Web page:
After all the hiking, everyone got to have some relaxation. We spent one day at the beach and the pool just lounging about and gazing at the ocean. The waves really have a way of putting you into a trance. (If I look at the waves for over a minute, I start to get dizzy…>.<) I also snorkeled for the first time! Putting on the mouthpiece made me feel like I was a baby with a pacifier. It was really weird breathing only through my mouth. For about thirty minutes, I was swallowing (and inhaling…) salt water, which is not fun, trust me. But when I got the hang of it, it was pretty interesting. As I was gazing at all the colorful fish swim about, I felt like I became a fish too. I only was able to snorkel for a little over an hour though because the water was really cold.
On the final day, I got to visit a “secret beach.” Secret because not many people knew about that, which was perfect for taking pictures. Getting there was no easy task… Well, if you wanted to do the way that passed all of the people-free nature spots. We had to walk over a bunch of rocks for about a fifth of the journey. Then, we got to a small section of beach that had little tidepools in them, silvery fish darting in and out of sight and wary crabs that hid in between the rocks. We crossed another beach which had lots of tiny pebbles and bits of shells that were washed up by the waves. After spending some time examining them, we continued onwards, to our final challenges; climbing the rocks of doom. Well, it was not that bad, but for me, it was really scary. The rocks were all sharp and hurt my feet, and with the waves crashing at the other rocks below(and a dead crab nearby), I actually felt my heart racing. And. THERE WERE BEES. (I have uh, a small fear of bees.) So when I finished crossing those rocks and saw more walks, I was like, “Nuh-uh, no more rock-climbing for me!” So I took to the waterways(it was protected from the waves by some rocks), and swam across, finally making it to the secret beach(and beating the rest of my family hehehe-). It was pretty cool, and I spotted a turtle at one point.
Overall, my trip to Hawaii was a blast! I had a lot of fun hiking, adventuring, snorkeling, and eating all the delicious food! (Try the kalua pork, it’s pretty yummy 😉 )
I would definitely recommend going to all the places I visited, and to try new things there! Until later,…
(P.S. If you’d like to see more of my photos, take a look at my photography page.)
Allergies. My worst enemy. The little thing that follows me day and night, haunting my daily social life…(coughs loudly).
For some of you lucky peeps out there… allergies don’t even exist. You live your day to day lives strolling around a park without even twitching your nose.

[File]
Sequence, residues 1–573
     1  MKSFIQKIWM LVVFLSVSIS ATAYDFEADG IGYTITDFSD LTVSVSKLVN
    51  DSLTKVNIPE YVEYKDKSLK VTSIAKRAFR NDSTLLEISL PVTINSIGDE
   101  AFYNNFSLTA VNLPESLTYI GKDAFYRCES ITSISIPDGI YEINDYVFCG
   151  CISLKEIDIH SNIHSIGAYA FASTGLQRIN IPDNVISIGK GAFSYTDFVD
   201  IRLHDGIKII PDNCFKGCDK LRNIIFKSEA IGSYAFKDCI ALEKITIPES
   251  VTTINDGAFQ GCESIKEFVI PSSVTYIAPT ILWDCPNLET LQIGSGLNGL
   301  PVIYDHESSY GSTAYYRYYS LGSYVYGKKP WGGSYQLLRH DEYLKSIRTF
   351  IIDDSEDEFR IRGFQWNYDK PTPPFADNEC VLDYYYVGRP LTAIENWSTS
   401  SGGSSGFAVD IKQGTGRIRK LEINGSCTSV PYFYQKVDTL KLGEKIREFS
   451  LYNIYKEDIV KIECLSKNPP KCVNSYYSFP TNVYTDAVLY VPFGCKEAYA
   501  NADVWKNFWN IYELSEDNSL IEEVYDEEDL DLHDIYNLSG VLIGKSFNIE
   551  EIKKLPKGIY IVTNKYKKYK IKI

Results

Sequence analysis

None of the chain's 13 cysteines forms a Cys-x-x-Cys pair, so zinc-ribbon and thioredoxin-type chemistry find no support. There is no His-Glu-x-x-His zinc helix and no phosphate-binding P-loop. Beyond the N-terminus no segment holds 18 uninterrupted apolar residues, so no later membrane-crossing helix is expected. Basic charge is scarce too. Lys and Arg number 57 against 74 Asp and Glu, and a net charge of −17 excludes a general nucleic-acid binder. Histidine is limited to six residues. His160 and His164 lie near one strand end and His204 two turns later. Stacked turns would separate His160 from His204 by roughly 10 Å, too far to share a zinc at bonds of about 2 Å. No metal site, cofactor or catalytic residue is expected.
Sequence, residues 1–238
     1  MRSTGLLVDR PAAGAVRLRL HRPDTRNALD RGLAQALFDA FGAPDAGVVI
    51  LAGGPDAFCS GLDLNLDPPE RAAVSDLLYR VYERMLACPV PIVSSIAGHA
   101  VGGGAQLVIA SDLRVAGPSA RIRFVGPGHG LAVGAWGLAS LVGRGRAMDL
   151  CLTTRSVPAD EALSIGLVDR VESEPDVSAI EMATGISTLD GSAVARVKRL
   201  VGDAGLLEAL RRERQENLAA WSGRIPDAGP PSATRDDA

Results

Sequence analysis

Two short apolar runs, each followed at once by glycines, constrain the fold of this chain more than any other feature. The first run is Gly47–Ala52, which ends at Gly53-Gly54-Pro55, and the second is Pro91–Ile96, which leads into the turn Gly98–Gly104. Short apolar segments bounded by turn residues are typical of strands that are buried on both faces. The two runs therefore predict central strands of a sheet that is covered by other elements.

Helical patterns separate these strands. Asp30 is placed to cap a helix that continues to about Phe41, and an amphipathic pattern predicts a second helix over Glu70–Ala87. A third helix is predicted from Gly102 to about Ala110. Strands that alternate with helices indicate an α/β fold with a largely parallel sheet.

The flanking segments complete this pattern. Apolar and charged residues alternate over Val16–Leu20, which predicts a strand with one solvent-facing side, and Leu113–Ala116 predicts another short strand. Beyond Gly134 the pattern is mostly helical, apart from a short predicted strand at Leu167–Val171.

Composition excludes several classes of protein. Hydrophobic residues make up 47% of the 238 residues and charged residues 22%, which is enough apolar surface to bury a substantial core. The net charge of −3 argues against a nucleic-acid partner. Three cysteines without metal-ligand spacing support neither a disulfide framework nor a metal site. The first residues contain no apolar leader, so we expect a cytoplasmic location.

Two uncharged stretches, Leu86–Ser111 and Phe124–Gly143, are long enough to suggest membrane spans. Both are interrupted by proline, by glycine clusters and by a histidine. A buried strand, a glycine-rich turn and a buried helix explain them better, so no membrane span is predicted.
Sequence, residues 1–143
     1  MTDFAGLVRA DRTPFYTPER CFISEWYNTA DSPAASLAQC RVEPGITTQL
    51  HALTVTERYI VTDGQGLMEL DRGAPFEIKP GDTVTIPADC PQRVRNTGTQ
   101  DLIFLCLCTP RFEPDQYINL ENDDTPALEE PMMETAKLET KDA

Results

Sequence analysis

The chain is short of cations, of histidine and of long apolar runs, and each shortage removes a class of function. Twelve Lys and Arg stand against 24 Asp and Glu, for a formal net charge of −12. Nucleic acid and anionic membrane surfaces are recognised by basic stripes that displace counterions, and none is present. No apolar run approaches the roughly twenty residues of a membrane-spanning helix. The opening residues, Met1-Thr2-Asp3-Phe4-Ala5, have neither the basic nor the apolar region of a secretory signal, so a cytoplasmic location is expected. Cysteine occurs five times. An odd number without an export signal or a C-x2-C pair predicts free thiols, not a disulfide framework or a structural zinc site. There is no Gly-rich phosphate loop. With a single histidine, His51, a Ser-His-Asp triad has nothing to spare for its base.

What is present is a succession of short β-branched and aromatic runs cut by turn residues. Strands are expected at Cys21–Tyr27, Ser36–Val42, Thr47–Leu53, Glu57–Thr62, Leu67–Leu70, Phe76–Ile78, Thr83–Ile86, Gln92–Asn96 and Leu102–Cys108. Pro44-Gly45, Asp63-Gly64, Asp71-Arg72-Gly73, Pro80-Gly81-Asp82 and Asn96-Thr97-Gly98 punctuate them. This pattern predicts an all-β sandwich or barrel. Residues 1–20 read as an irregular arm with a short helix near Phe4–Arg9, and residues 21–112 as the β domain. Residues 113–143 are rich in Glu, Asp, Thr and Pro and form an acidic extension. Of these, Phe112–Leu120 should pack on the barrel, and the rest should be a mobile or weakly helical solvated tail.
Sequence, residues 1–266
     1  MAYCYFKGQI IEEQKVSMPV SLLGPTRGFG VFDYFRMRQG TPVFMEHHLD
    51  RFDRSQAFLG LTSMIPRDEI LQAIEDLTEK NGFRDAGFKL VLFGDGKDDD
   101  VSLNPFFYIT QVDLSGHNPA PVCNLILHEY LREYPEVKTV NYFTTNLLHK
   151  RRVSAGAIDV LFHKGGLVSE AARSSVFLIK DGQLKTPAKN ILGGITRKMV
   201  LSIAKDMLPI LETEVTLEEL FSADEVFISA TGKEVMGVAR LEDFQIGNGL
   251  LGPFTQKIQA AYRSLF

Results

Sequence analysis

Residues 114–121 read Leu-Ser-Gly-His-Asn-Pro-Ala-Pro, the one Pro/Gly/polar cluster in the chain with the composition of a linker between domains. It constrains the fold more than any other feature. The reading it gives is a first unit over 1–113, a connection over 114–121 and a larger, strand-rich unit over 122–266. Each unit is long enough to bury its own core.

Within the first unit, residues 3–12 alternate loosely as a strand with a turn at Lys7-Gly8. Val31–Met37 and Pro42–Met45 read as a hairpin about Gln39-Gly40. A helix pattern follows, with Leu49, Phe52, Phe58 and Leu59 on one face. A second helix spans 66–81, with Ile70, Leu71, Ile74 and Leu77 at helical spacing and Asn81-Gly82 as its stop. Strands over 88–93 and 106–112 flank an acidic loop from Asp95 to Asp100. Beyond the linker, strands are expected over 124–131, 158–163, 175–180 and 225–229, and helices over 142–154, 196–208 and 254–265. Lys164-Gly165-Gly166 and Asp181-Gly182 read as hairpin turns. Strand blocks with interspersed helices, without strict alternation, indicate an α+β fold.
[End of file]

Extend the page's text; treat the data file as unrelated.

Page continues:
Me? THE OPPOSITE. When I decide to stroll into a park, my eyes start blinking really rapidly, my nose starts feeling itchy, and my mind starts screaming, “ALLERGY ALERT, ALLERGY ALERT, GET TISSUES!!!” And then, I start blowing my tissues really, really loudly. Not on purpose, but because it doesn’t feel so great to have your nose clogged up 24/7.
Even indoors, it’s not much better. Especially in the classroom. It’s already bad enough feeling allergic, let alone when it turns into something embarrassing. In the classroom, even the smallest whispers can be heard by pretty much the whole class, so you can imagine how loud I am. (And my class isn’t even that quiet…) Every time I blow my nose in class, I feel very self-conscious. And they all know who blew their nose because I’m usually the only one in class who does that every five minutes.
People tend to think I’m always sick, which isn’t true. I’m just allergic to the majority of the native plants in my area, making me allergic for the whole year, not including winter, which is the one season that I actually get sick. One time, one of my teachers thought that I had a cold for a whole month. (What actually happened was that I was sick for two weeks, but the rest of the time I was just allergic.)
Now, I take allergy shots every month. For those of you who don’t know what allergy shots are, they are basically shots full of sneezes and suffering– I mean, full of the very things that make you allergic, so that your body can help build up resistance to these allergens. I also take Zyrtec every morning to lower the severity of my allergic reactions.
For those of you who also suffer from this, know that you are not alone. There are a lot of other people who are also undergoing this experience. I’m hoping that my allergies will go away someday, but until then… let us suffer together ^v^
Also, here’s a funny poem about allergies I found online: link